As the urban legend of Ring turns out to be true, the second phase of the movie begins. The question is no longer whether the tape is killing people, but how, and this leads into the ghost story. These too tend to take similar, identifiable forms. Ghosts are often the restless spirits of the dead kept shackled to the world of the living by some kind of unfinished business. According to many of these stories, a haunting can be stopped by appeasement, removing the need for the spirit to linger by offering them closure. Ring uses this popular conception in order to subvert it. The characters and the audience are presented with the whole tragic tale of Sadako and a clear time limit, so that the solution seems obvious: if she can be placated, the deaths of Reiko, Ryuji and their son Yoichi (who also accidentally witnesses the tape) might yet be averted. As it happens, “Sadako’s rage” cannot be so easily sated. The key to escaping her wrath is not to bring an end to the curse, but to ensure that it continues to claim more victims. Indeed, in hindsight, it seems naive to imagine that a trauma sufficient to frustrate death itself could be so easily salved, or that murder by one’s own father could be so lightly forgiven.
For a story with such prominent supernatural elements, Ring‘s strength lies in its grounding in reality. The very premise of the film is strangely mundane; it is not an ancient artifact or a mystical relic that bears the curse, but an ordinary VHS tape. This offers two big advantages over an ornate enchanted MacGuffin. It is identical to millions of other tapes, allowing its evil to hide in plain sight, and it can be easily copied, allowing the affliction to spread. Rewritable media is a true game-changer for the discerning evil witch or wizard. It is also no accident that Reiko and Ryuji have the professions that they do. Not only are they ideally suited to the investigation of this macabre situation, but their search comes with a dreadfully literal deadline.
Even the film’s effects partake in this realism and are all the more frightening for their simplicity. Sadako’s victims are not bloodied, dismembered or deformed, but seem to drop dead from pure terror alone. Their faces are contorted into the widest possible of silent screams, their expressions especially horrific because they are simply the most extreme versions of normal appearances. The grainy footage on the video itself is intensely unsettling in spite of not being particularly graphic or even coherent. The silent and strange images are disjointed and largely incomprehensible, yet feel subtly wrong. The awful silence of the recording is shattered by the sudden ringing of the phone bearing the fatal message, another example of finding horror in mundanity. Even Sadako herself is not especially monstrous in looks, however terrible she is in intent. Her design has become iconic, immediately recognisable to even non-horror fans. Pallid skin, a dirty, white dress and a face obliterated by a mane of shaggy, black hair. Like Jason Voorhees or Michael Myers, her hidden visage is enough to make her more inhuman, and thereby creepier.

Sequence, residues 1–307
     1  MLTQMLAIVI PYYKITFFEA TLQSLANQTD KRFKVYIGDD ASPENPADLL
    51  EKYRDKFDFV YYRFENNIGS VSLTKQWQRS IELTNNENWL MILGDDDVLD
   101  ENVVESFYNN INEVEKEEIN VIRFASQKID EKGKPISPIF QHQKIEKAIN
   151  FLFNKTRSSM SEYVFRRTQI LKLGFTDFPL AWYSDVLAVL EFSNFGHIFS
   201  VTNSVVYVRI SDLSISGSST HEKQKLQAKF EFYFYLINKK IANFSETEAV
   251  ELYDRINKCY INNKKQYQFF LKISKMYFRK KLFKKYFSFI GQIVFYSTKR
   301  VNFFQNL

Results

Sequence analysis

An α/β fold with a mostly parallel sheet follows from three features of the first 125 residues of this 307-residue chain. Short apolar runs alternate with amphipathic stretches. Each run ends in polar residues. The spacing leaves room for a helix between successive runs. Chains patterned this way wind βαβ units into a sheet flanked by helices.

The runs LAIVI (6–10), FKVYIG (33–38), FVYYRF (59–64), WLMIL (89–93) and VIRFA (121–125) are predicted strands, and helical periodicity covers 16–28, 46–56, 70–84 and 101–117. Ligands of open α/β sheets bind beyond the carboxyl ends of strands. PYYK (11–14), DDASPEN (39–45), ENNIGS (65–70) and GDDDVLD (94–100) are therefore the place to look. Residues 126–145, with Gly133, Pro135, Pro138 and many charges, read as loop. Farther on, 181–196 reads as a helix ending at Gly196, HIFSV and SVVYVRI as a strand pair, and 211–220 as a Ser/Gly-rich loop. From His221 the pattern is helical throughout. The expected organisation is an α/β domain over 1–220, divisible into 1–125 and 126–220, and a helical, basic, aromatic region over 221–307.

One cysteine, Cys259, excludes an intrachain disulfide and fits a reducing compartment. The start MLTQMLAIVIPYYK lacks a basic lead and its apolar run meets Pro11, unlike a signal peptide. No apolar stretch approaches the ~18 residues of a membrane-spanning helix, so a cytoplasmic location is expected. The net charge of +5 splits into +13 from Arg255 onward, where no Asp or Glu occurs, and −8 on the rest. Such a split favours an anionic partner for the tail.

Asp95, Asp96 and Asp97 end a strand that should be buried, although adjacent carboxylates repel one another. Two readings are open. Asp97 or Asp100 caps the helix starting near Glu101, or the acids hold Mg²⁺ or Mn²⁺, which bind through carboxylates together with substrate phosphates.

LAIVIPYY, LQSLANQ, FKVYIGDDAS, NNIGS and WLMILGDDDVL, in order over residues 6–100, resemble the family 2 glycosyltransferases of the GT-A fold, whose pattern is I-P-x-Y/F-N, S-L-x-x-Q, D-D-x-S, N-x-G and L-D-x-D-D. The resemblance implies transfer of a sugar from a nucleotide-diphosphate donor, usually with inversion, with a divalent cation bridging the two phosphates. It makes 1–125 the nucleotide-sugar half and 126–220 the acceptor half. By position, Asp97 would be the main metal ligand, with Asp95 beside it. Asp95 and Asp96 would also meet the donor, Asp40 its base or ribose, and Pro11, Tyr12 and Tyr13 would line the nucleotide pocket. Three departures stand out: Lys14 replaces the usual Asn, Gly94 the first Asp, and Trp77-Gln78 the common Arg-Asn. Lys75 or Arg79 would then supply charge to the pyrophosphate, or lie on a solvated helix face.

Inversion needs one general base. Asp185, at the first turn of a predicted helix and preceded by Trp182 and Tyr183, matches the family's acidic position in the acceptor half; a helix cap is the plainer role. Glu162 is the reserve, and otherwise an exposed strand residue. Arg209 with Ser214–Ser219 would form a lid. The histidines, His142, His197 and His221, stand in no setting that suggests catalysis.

Ring is as much a time capsule as A Nightmare on Elm Street or Scream, unmistakably of its own time, and yet enduring because it relies upon timeless fears. In a world of 24-hour news and viral video, it may even seem prophetic. The sheer saturation of media means that we might never be far from witnessing something horrendous that leaves us forever scarred. In this way, Ring‘s cursed VHS is simultaneously dated and more relevant than ever. For as long as eerie rumours continue to circulate and capture the popular imagination, Ring will retain its rebarbative power. The film is tense and absorbing, and its open ending only serves to sharpen the sting in the story’s tail: some things are not so easily put to rest.
Directed by Hideo Nakata
Written by Hiroshi Takahashi (based on the novel by Koji Suzuki)
Starring Nanako Matsushima, Hiroyuki Sanada, and Rikiya Otaka